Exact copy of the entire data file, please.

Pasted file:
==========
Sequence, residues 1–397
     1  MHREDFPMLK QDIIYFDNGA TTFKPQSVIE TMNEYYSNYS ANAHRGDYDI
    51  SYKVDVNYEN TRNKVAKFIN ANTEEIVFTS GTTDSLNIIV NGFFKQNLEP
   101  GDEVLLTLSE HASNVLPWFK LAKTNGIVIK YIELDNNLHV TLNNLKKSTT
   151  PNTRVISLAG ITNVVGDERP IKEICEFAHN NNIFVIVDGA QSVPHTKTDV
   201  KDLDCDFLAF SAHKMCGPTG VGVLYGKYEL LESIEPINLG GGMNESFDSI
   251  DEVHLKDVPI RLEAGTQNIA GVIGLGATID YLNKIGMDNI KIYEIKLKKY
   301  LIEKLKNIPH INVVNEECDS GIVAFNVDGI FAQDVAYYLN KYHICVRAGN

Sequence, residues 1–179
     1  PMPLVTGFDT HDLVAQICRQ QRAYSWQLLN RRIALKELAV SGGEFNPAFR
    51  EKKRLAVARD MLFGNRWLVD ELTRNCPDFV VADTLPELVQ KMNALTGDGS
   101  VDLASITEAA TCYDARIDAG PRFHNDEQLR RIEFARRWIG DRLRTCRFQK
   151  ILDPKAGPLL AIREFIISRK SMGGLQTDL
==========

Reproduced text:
Sequence, residues 1–397
     1  MHREDFPMLK QDIIYFDNGA TTFKPQSVIE TMNEYYSNYS ANAHRGDYDI
    51  SYKVDVNYEN TRNKVAKFIN ANTEEIVFTS GTTDSLNIIV NGFFKQNLEP
   101  GDEVLLTLSE HASNVLPWFK LAKTNGIVIK YIELDNNLHV TLNNLKKSTT
   151  PNTRVISLAG ITNVVGDERP IKEICEFAHN NNIFVIVDGA QSVPHTKTDV
   201  KDLDCDFLAF SAHKMCGPTG VGVLYGKYEL LESIEPINLG GGMNESFDSI
   251  DEVHLKDVPI RLEAGTQNIA GVIGLGATID YLNKIGMDNI KIYEIKLKKY
   301  LIEKLKNIPH INVVNEECDS GIVAFNVDGI FAQDVAYYLN KYHICVRAGN

Sequence, residues 1–179
     1  PMPLVTGFDT HDLVAQICRQ QRAYSWQLLN RRIALKELAV SGGEFNPAFR
    51  EKKRLAVARD MLFGNRWLVD ELTRNCPDFV VADTLPELVQ KMNALTGDGS
   101  VDLASITEAA TCYDARIDAG PRFHNDEQLR RIEFARRWIG DRLRTCRFQK
   151  ILDPKAGPLL AIREFIISRK SMGGLQTDL